WEDNESDAY, Nov. 16 (HealthDay News) -- A new study offers further evidence that a Mediterranean-style diet is good for your heart.
The research found that unsaturated fats from foods such as avocados, olive oil and nuts increase the body's ability to use insulin. Reduced insulin action can lead to diabetes, which is a risk factor for heart disease.
Researchers examined how three different types of balanced diets consumed by 164 people with mild hypertension but no diabetes affected the body's ability to maintain healthy insulin levels and regulate blood sugar levels. The three diets were rich in either carbohydrates, protein or unsaturated fats such as those found in olive oil.
The participants ate each of the three diets for six weeks in a row, with two to four weeks off in between each diet. Blood samples were used to monitor insulin and glucose levels.
The diet rich in unsaturated fats improved insulin use significantly more than the high-carbohydrate diet, which featured refined carbohydrates such as pasta and white bread.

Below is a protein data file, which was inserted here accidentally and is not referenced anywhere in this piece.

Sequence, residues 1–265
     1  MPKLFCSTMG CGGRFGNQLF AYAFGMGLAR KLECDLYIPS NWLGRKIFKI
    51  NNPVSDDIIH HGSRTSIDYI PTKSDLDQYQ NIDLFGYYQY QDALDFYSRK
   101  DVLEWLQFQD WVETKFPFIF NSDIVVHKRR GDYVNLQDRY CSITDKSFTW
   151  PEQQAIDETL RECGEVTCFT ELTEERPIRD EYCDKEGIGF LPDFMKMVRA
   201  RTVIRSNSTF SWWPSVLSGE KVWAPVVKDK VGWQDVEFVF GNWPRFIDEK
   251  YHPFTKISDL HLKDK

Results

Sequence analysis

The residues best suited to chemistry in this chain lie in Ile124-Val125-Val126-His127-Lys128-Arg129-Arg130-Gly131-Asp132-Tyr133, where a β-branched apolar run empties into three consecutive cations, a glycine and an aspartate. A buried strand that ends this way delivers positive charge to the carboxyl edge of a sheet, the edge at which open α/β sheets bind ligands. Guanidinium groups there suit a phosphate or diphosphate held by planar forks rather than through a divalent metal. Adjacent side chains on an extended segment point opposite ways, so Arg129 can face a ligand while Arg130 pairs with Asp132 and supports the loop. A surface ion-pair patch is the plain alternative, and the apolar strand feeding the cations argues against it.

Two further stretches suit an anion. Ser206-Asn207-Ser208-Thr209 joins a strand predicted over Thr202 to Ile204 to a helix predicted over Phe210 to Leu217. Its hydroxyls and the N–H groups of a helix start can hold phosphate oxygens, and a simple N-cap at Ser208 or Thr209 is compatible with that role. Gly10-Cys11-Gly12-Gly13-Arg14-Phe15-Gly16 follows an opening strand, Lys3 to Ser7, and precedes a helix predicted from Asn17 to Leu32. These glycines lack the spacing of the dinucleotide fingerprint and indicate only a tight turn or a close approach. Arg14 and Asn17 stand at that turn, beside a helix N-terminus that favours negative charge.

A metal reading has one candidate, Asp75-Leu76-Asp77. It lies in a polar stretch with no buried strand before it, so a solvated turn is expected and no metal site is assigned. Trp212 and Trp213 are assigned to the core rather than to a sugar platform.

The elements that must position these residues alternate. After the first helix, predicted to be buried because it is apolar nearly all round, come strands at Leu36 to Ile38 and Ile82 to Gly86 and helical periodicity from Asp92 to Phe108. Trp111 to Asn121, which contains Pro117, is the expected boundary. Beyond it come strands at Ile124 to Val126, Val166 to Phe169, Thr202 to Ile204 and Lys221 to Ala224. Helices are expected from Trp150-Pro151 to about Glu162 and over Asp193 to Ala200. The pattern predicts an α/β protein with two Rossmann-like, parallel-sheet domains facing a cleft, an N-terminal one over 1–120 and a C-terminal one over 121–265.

This beneficial effect of the unsaturated fat diet occurred even though the participants did not lose weight.
"A lot of studies have looked at how the body becomes better at using insulin when you lose weight," Dr. Meghana Gadgil, a postdoctoral fellow in the division of general internal medicine at the Johns Hopkins University School of Medicine, said in a Hopkins news release. "We kept the weight stable so we could isolate the effects of the macronutrients. What we found is that you can begin to see a beneficial impact on heart health even before weight loss."
The researchers said their findings show that dietary changes can improve heart health in those at risk for cardiovascular disease, even if they don't lose weight.
"The introduction of the right kind of fat into a healthy diet is another tool to reduce the risk of future heart disease," Gadgil said.
The study was to be presented Wednesday during the American Heart Association's annual meeting in Orlando, Fla. Because this study was presented at a medical meeting, the data and conclusions should be viewed as preliminary until published in a peer-reviewed journal.
The American Heart Association has more about a Mediterranean diet.
-- Robert Preidt
SOURCE: Johns Hopkins Medicine, news release, Nov. 16, 2011
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